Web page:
U.S., Russia Complete START I Reductions

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THE UNITED STATES and Russia completed nuclear weapons reductions required by the first Strategic Arms Reduction Treaty (START I) on December 5, seven years after the accord entered into force.

Under the treaty, the two countries have reduced their strategic nuclear arsenals by more than 40 percent over the past decade, decommissioning more than 4,000 strategic warheads since exchanging baseline stockpile information in September 1990. Reductions were implemented under a comprehensive monitoring and verification regime that included periodic information exchanges and intrusive monitoring and inspection provisions.

The accord requires Washington and Moscow to deploy no more than 1,600 long-range missiles and strategic bombers and caps deployed strategic warheads at 6,000, using rules that slightly undercount the number of warheads actually deployed. In addition, the countries must meet sublimits on ICBMs and submarine-- launched ballistic missiles.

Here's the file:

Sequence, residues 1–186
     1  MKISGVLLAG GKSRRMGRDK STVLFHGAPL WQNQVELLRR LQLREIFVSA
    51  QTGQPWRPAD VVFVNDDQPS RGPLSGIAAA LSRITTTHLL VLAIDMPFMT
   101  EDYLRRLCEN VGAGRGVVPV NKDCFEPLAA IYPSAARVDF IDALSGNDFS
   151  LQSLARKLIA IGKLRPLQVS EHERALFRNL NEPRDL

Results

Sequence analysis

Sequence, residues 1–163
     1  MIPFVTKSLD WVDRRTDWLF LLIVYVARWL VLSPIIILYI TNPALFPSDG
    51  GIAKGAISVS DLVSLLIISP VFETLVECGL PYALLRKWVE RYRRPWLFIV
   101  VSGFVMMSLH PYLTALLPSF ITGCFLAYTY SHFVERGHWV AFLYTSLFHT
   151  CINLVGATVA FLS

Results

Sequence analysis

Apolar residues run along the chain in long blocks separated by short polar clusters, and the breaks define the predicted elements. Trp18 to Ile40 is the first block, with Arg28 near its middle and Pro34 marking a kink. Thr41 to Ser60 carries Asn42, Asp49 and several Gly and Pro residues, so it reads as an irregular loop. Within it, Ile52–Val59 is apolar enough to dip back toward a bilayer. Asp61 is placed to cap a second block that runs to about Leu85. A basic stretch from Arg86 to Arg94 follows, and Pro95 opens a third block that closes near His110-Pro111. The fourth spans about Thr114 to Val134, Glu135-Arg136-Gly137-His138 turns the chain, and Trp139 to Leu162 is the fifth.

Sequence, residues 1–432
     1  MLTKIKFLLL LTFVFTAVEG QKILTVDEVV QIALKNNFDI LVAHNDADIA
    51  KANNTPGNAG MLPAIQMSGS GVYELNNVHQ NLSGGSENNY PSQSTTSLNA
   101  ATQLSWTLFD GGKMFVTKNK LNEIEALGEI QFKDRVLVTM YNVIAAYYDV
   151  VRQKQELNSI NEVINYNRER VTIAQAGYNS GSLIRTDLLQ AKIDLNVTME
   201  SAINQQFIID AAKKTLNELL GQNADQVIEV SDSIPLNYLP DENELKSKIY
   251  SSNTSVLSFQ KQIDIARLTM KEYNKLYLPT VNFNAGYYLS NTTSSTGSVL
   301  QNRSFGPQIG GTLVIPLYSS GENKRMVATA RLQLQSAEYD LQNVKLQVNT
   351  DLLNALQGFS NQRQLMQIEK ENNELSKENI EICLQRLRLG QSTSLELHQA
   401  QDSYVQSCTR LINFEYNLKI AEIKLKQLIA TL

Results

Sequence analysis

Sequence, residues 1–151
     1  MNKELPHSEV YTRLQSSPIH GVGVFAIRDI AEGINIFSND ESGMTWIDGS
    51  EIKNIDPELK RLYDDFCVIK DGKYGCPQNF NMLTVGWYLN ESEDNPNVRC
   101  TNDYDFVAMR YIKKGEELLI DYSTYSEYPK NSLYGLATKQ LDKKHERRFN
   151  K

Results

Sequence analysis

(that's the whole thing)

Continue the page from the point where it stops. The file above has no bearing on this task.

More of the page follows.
Signed by Presidents George H. W. Bush and Mikhail Gorbachev in July 1991, START I was the first treaty to substantially reduce the number of strategic nuclear weapons deployed by the United States and Soviet Union. The accord built on the first strategic arms pact between the two superpowers, an interim agreement that emerged from the Strategic Arms Limitation Talks in the early 1970s and capped-but did not reduce-the countries' arsenals.

Shortly before leaving office, Bush also signed a START II agreement with Russian President Boris Yeltsin in January 1993. That agreement would have reduced U.S. and Russian arsenals to 3,500 deployed strategic warheads by 2007, but it has not entered into force, largely due to disagreements over U.S. national missile defense efforts.

In 1997 the United States and Russia also agreed to a framework for START III negotiations, which would have reduced the two sides' strategic arsenals to 2,500 warheads by 2007. …